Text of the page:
Flowing into change
An unlikely aid in the fight against climate change: water heaters
The outside portion of the heat pump is a boxy, softly-whirring thing. Sven Thesen points us to one side of it, then another, excitedly explaining the way it draws in heat from the outside air. His dog, also excited, barks eagerly, and the chickens penned next to the heat pump cluck in chorus.
The water pump water heater’s inside half, hidden inside a closet, looks just like any other: a plain tank with pipes running up and down, up and down.
Despite its understated appearance, an electric water heater is putting in more than its fair share of work and is just as effective as its more traditional gas counterpart..
According to The City of Palo Alto’s website, Palo Alto’s goal is to get 80% less CO2 emissions than the 1990s, meaning all energy must come from wind, solar, hydro, and other green sources to achieve carbon-neutral energy production.
The website also states that water heating contributes more greenhouse gas emissions than anything else in Palo Alto homes, with 90% having gas-powered water heaters and a quarter of home energy use being from water heating.
They’re just giving money away for these water heaters,”
— Sherry Listgarten
Although the norm is to go with the gas-powered heater, there are many benefits with electric heat pump water heaters (HPWH).
With fewer health and safety risks than gas water heaters there is a reduced risk of backdrafting.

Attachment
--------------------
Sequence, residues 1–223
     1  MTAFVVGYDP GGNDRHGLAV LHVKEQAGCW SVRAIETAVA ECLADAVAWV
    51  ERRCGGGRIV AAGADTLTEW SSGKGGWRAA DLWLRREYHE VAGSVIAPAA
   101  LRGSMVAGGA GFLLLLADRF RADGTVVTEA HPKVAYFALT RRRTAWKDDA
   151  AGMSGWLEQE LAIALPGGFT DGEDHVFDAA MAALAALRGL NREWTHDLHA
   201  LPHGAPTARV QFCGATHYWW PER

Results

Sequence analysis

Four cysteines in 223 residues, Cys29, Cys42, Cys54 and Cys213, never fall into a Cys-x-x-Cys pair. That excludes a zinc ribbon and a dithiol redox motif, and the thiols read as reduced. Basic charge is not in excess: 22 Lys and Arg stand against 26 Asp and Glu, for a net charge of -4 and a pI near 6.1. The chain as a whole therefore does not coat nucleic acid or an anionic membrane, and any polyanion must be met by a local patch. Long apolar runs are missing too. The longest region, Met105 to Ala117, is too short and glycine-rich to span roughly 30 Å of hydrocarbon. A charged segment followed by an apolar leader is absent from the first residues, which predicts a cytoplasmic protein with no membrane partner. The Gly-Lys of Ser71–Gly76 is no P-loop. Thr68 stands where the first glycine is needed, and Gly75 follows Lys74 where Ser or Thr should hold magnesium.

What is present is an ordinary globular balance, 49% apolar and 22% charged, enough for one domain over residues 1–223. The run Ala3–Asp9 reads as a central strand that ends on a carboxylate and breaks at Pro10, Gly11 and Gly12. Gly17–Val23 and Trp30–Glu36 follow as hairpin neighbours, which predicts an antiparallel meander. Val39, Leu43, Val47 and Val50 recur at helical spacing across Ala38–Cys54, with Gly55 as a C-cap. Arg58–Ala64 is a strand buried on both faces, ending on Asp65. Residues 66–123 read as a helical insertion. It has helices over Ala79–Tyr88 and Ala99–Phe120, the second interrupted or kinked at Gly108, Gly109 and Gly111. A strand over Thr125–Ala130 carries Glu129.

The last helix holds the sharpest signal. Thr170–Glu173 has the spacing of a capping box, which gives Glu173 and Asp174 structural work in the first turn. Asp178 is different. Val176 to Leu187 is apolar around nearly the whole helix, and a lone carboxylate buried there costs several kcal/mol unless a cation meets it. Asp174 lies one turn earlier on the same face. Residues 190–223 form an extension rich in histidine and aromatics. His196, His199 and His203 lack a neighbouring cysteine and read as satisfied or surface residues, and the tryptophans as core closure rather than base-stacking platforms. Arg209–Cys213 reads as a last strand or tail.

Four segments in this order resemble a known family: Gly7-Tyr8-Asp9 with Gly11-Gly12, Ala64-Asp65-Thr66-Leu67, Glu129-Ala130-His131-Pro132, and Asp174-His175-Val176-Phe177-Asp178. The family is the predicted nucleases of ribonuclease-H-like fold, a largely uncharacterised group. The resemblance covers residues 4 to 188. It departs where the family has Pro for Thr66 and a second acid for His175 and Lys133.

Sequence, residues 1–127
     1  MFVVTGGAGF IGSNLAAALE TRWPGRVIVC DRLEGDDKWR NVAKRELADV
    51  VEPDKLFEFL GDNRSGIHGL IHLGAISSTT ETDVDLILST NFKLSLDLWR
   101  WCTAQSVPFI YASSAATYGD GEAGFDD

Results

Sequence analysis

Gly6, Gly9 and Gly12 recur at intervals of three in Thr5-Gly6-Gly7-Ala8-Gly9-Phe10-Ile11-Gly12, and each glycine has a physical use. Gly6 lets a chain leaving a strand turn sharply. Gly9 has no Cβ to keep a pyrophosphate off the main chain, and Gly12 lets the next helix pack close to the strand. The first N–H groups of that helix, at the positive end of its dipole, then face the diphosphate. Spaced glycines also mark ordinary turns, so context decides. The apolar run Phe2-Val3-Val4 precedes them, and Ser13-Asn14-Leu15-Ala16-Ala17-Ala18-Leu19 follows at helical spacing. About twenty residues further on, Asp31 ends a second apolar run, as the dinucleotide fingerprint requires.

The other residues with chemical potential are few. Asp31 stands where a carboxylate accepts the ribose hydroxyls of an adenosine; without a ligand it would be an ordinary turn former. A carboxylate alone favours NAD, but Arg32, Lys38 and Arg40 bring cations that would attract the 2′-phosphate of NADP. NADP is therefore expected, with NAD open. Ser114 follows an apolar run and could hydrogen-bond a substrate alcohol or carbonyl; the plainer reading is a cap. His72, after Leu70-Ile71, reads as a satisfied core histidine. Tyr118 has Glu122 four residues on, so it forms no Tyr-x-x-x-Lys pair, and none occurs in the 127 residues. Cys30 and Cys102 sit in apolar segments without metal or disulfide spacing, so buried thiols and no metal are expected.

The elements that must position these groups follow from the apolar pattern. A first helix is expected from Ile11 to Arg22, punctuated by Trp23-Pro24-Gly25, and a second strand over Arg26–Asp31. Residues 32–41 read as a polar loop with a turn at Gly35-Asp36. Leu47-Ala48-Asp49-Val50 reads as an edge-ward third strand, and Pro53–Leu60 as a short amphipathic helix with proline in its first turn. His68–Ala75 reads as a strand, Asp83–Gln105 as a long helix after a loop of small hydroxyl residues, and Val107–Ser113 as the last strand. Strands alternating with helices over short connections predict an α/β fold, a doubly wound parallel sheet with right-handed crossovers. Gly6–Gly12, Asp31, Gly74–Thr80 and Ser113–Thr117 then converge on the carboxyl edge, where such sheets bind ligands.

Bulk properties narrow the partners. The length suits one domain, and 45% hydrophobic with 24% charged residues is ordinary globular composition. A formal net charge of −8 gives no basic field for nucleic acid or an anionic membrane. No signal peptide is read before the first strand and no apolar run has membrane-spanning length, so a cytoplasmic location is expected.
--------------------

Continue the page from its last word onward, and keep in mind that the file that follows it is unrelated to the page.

Not only is the cost of an electric water heater lower than gas-powered heaters if homes have a rooftop PV system, but its complying with Palo Alto’s 100% carbon neutral electricity goal, with zero carbon footprint.
Additionally, the City of Palo Alto provides great incentives for those who switch over to water heaters.
A rebate of up to $2,300 is currently offered both for those who make the switch with a City contractor and those that do it independently.
According to Sherry Listgarten, a blogger for A New Shade of Green on Palo Alto Online, electric water heaters are highly recommended.
“They’re just giving money away for these water heaters,” Listgarten said.
The switch over from traditional to electric water heaters will soon become even easier.
According to City Sustainability Manager Christine Luong, the city is taking great steps to encourage this.
It is long term and it will save you money an is so much better for the planet,”
— Sven Thesen
Early in October City Council approved a new Heat Pump Water Heater installation program for those interested in replacing their gas water heaters with electric heat pumps.
Through it, residents will be able to finance the change over at a heavily reduced cost, if there is any at all.
“Our goal is to replace 1,000 gas water heaters by the end of 2023,” Luong said. “We hope to learn from the program and see if we can replicate it with other gas appliances.”
Altering daily routines could be a good start to make a difference and achieve California’s goal for a zero carbon footprint.
“We are really strongly encouraging people to go to do this because it is long term and it will save you money and is so much better for the planet,” said Thesen.
Listgarten suggested changing of lights to LED’s and turning down thermostats. Teens can also go thrifting and biking around town. Additionally, when it comes to vacationing, local traveling has a lesser CO2 impact than flying.
“There’s so many things you can do,” Listgarten says, “So be informed. Communicate in ways that people can understand you and start small, don’t bite off more than you can chew. I think starting small is better than starting big in some ways.”